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Powering Through the Pandemic: Economic development team adapting, innovating

November 16, 2020 | Laura King-Homan | economic development, partnerships
Hands of businesswoman typing on laptop at blurry table with double exposure of futuristic online work interface. Economic development outreach

Since the beginning of the coronavirus pandemic, handshakes and in-person meetings have been out. That means the work of an economic development team has to evolve.

OPPD’s team took the changes in stride, and remains focused on their three areas of work: attracting businesses to the area, retaining and expanding existing business and reaching out to regional leaders. It was their approach that changed. Lunch meetings at a local café became zoom calls over coffee, and connecting virtually.

However, the personal connections stayed in place.

“We’re finding new ways to connect with contacts,” said Brook Aken, manager of Economic Development at OPPD. “We started meeting on patios for coffee to get that in-person interaction while staying safe. It has made us more appreciative of how we used to do things.”

Back to basics

Before COVID, the economic development team frequently traveled to various company headquarters for in-person meetings. A big part of their work involves positioning the OPPD service territory as a great place to do business, creating jobs for our customers in the process.

Now, instead of plane rides, the economic development team picks up the phone or schedules a virtual meeting over video.

“We’ve gone back to the basics,” Aken said. “And we’re having success. Those small things are so important and focusing on them gives us a chance to rethink how companies will do business moving forward.”

Aken said the people aspect is more important than ever in business, and workplace environments are shifting in all industries.

“The more we can stay on top of trends and stay in contact with companies, the better,” she said.

That shift in priorities has also made it easier for the economic development team to reach contacts. The contacts are not traveling as much as they did pre-COVID.

Seeing success

Aken said the team has had more contact with site selectors in the past several months than they have had in a while. The pipeline work the team does is stronger than it has been in a couple years, as well. The team is working with projects that span a wide array of business types, from data centers to warehouses.

“The Omaha area is always well-positioned in these downturn times because of our diverse industry base and companies,” Aken said. “The more we can keep in touch and attract business, the better we will be in the end.”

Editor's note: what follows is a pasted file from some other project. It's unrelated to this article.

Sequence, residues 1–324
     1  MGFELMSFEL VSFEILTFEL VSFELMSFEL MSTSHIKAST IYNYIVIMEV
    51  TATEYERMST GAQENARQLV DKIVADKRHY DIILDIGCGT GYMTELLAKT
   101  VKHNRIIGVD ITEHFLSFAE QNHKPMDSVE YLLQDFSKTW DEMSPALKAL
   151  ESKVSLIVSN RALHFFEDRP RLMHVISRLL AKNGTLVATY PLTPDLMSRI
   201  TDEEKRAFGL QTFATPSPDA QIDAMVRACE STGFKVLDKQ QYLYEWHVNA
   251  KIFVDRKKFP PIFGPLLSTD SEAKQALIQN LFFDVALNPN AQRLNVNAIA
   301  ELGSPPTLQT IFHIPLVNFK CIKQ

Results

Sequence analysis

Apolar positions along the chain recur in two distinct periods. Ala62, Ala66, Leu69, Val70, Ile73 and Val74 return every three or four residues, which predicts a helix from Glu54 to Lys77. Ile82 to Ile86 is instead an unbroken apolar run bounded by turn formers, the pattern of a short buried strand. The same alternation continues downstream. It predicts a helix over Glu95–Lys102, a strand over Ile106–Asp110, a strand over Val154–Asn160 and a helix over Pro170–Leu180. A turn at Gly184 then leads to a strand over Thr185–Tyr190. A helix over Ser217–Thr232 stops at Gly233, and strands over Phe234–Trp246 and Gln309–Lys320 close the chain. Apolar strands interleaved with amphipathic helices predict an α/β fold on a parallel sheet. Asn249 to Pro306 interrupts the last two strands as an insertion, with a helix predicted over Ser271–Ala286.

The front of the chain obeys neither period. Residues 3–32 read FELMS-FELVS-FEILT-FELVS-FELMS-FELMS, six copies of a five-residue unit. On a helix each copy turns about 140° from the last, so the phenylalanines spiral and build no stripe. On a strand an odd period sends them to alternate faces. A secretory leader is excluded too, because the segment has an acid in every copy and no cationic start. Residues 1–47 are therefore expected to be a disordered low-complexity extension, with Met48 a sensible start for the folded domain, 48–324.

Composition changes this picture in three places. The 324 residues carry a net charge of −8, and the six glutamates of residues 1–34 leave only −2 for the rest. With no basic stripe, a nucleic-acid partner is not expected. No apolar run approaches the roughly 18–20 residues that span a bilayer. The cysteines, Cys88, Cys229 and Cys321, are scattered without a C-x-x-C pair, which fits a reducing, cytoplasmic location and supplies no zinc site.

They also reach out to current business customers to make sure they are satisfied with their service and help them explore ways to grow.

For some on the team, the online tools have strengthened relationships.

“Being able to build a relationship during the pandemic through our new engagement platform and virtual outreach has given me the ability to work more closely and directly on business recruitment projects,” said Devin Meisinger, senior economic development coordinator at OPPD.

Another aspect of their work involves partnering with local and regional chambers of commerce to align the utility’s growth goals with those of the business community. At times, it can involve weekly meetings.

All of that work shifted to a virtual platform, Aken said.

And when the team gets a “win,” such as a newly announced project? Virtual tools help them celebrate as well.

Meisinger said a recent announcement of a new Amazon fulfillment facility was done virtually through Facebook Live and Zoom video conferencing.

New tools, new outlook

One way the team has shifted its approach is through virtual tours of potential development sites. Aken said they have refocused their efforts on marketing these sites with drone footage and by using a digital platform.

“That approach makes it more engaging to have conversations,” she said. “And we stand out more than a typical email.”

The personal relationships of economic development extend to internal teams within OPPD as well. Aken and her team have worked to maintain those relationships and collaboration despite the majority of the utility’s workforce working remotely.

One way the team has helped the business community is direct them to resources available from the federal CARES Act related to the pandemic. Those programs are found on both the state level and the local level.

In some ways, the pandemic has allowed the team to refocus and re-energize them in a different way, Aken said.

While recruiting businesses is more relationship-based, much of the research is conducted online. The current environment reminded the team to push their skills forward with new and updated approaches.

“We’re positioned well going into the pandemic with strategy and other tools,” she said. “We’re taking the time to think about ways to do things differently, which is going to tee up some exciting announcements in the future.”

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About Laura King-Homan

Laura King-Homan is the managing editor of The Wire and a brand journalism strategist at Omaha Public Power District. She has nearly 20 years of print journalism and design experience, including the Omaha World-Herald.

View all posts by Laura King-Homan >

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